With so many homeowners still struggling with their current mortgage responsibilities, numerous mortgage relief services companies have started offering their services to help find solutions. However, the Better Business Bureau (BBB) has indicated an increase in complaints aimed at service companies and has issued a warning to all homeowners who have been contacted by these types of companies. Many borrowers who have fallen behind on their mortgage payments and are facing foreclosure have been contacted by sometimes bogus companies who offer to negotiate on behalf of the homeowner to obtain a loan modification, short sale agreement, or some other relief to prevent foreclosure.
The BBB has issued a warning to take special precautions when researching mortgage relief service companies as many offers are coming from agencies who are seeking to collect fees for their services prior to any activities. Furthermore, due to the large number of complaints they have been receiving, the BBB is warning that many of these companies are actually seeking to deceive homeowners by collecting fees for services they have no intention of performing.
In just one example, the BBB has reported that thousands of distressed borrowers have contacted their offices to inquire about a Maryland-based company called Residential Relief Foundation. 62 complaints have been received thus far regarding this company and the Federal Trade Commission (FTC) announced in late November that a federal court has shut down the company due to deceptive practices. They BBB noted that the company often used wording and graphics that would mimic official government mortgage assistance programs to lure their prey.
The FTC has taken a further step to protect distressed homeowners by issuing a new rule called the Mortgage Assistance Relief Services Rule which bans providers of mortgage foreclosure rescue and loan modification services from collecting any fees until a written offer for relief has been received by the homeowner from their lender or servicer. The rule is intended to take away the incentive for dishonest companies to continue to utilize the current schemes. The rule goes into effect on December 29, 2010.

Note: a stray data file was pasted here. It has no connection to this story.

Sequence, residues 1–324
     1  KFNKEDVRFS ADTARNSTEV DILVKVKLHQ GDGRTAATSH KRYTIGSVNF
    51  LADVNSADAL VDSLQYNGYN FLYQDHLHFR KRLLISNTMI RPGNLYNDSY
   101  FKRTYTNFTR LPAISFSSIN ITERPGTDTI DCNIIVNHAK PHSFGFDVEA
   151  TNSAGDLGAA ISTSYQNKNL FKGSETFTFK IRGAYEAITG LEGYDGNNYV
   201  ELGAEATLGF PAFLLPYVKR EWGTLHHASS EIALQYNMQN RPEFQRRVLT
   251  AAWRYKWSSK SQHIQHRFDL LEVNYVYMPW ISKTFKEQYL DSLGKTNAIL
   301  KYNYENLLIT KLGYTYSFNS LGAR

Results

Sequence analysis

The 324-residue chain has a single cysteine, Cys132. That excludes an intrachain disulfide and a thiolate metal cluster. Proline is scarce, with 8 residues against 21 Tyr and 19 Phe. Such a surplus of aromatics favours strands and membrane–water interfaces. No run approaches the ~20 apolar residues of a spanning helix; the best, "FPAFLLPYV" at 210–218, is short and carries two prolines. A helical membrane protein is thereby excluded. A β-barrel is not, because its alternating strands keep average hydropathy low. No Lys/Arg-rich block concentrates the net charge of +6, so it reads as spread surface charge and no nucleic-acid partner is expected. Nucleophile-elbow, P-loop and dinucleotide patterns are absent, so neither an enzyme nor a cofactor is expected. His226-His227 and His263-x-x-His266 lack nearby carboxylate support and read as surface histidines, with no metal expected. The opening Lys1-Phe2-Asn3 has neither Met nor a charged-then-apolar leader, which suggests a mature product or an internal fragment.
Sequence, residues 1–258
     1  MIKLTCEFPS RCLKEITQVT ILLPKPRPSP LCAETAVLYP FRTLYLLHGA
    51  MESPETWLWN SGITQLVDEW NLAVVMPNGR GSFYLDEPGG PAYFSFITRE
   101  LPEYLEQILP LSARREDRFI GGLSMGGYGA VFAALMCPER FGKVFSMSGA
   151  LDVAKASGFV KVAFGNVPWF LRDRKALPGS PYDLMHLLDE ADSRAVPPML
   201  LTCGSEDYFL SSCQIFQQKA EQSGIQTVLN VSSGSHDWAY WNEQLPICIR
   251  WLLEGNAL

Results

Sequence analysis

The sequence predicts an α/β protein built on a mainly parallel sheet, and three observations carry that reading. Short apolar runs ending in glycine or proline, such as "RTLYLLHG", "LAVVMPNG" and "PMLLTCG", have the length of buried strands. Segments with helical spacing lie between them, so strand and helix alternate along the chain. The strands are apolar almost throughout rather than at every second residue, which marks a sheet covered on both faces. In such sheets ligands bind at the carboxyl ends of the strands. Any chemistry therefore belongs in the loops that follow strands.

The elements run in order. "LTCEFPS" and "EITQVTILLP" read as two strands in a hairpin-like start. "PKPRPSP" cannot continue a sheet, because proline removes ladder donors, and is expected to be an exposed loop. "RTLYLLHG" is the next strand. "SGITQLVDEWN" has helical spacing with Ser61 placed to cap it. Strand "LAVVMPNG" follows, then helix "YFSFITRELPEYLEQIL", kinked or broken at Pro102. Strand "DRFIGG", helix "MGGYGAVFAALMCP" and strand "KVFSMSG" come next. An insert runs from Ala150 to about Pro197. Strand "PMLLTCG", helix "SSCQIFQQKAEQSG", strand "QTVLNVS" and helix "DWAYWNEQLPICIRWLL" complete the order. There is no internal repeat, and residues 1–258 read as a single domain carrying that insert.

The solution most often recommended for homeowners who have fallen behind on their payments or are in danger of foreclosure is to contact their loan directly and ask about available options. Explain your situation and request a revised repayment schedule. Be honest with your lender about your situation so they can provide you the appropriate recommendations. No guarantees can be made that the lender will make modifications, but asking for their help is the best first step you can make.
If you receive an offer for a loan modification, foreclosure rescue, or other representation to assist you with your home mortgage payments, be sure to first research the company thoroughly, including a review of their standing with the BBB. You can check a company’s history at www.bbb.org.
Other tips for distressed homeowners is to treat all unsolicited advertisement with extreme caution. Do not be fooled by clever wording or seals that are made to look official. Never sign away your title to your home without consulting an attorney. If you are offered a contract, be sure to have it reviewed by a lawyer before you sign. Any companies that only offer their services for an up-front fee should be considered suspect. With the new rules going into effect on December 29, 2010 to ban up-front fees, there will likely be a strong wave of advertising attempts made in the next few weeks before the rules limit these deceptive practices.
If you ever have any questions about your mortgage situation and would like the advice of a professional, feel free to contact us at firstname.lastname@example.org. Or call your mortgage lender for advice on your particular situation.